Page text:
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First female NOAA chief receives honorary doctorate from Loyola

April 29, 2011

Jane Lubchenco, Ph.D., administrator for the National Oceanic and Atmospheric Administration, will receive an honorary doctorate of humane letters from Loyola University New Orleans during its commencement ceremony on May 14.

She is one of the nation's most prominent marine biologists and was tapped by President Barack Obama in 2009 to lead NOAA. She is the ninth administrator and first woman to hold this position and led the organization during the BP/Deepwater Horizon oil spill disaster.

Lubchenco is a conservationist who has devoted much of her career to encouraging scientists to become more engaged in public policy debates, and she herself has been a vocal proponent of curbing greenhouse gases linked to global warming. She has studied marine ecosystems around the world and championed the importance of science and its relevance to policy making and human well-being.

Lubchenco has provided scientific input to multiple presidential administrations and Congress on climate, fisheries, marine ecosystems and biodiversity. She served on the first National Academy of Sciences study on ‘Policy Implications of Global Warming,’ providing advice to the George H.W. Bush administration and Congress. In 1997, she briefed President Bill Clinton, Vice President Al Gore and members of Congress on climate change.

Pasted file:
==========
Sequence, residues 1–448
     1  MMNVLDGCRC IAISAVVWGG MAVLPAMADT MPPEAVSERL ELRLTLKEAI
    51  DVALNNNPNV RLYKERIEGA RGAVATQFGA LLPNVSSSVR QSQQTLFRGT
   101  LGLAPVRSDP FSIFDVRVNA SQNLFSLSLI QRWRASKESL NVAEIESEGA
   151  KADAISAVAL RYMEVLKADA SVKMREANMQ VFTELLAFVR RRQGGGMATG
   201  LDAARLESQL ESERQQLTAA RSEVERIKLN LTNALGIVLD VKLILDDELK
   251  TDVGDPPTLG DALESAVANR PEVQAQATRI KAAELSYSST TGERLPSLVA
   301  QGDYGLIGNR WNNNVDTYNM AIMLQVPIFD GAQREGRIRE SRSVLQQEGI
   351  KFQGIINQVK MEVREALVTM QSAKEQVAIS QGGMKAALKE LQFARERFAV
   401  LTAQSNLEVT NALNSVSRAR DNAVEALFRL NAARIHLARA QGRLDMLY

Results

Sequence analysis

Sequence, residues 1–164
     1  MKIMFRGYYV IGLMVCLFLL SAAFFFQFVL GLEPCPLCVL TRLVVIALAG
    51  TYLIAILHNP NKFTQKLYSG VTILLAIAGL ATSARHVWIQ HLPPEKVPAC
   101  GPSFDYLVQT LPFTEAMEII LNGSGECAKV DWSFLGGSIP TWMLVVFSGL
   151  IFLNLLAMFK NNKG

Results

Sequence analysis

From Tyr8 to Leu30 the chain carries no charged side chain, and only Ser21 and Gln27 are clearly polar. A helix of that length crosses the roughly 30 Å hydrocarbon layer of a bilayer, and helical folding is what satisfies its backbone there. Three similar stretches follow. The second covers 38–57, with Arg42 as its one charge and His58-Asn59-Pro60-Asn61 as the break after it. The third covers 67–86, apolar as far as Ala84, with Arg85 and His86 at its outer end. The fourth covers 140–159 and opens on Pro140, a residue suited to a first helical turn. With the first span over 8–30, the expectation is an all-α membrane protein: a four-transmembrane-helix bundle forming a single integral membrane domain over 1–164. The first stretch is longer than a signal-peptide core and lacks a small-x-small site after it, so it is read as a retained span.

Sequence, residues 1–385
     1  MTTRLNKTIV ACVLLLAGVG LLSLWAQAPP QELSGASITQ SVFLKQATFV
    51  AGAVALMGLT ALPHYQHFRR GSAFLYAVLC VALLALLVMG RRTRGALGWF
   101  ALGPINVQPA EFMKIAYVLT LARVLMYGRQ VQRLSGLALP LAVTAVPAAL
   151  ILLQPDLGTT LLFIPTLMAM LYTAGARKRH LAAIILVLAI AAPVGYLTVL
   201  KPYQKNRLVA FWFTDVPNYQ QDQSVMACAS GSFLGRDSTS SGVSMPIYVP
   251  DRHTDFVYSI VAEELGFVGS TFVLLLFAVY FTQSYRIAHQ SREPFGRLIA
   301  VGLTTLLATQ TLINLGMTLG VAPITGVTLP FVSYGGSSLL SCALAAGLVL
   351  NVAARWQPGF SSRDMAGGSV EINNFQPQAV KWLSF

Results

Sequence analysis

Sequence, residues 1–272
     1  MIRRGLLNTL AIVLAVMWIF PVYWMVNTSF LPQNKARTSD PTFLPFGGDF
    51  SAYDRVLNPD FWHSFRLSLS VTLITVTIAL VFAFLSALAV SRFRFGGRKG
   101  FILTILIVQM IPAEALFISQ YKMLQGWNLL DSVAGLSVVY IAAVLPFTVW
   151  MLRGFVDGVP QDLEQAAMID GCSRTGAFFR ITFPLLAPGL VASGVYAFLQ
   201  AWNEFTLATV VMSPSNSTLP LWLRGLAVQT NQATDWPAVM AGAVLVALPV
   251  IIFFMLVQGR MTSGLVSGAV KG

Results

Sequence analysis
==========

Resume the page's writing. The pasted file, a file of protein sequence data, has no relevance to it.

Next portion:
Her scientific contributions are widely recognized and she is one of the most highly referenced ecologists in the world. She is a former president of the American Association for the Advancement of Science, the International Council for Science and the Ecological Society of America. She also served 10 years on the board of directors for the National Science Foundation. Lubchenco is an elected member of the National Academy of Sciences, the American Academy of Arts and Sciences, the American Philosophical Society, and four international academies of science: the Royal Society, the Academy of Sciences for the Developing World, Europe, and Chile.

Raised in Denver, she received a bachelor’s degree in biology from Colorado College, a master’s degree in zoology from the University of Washington and a doctorate in ecology from Harvard University. She holds 12 honorary degrees.

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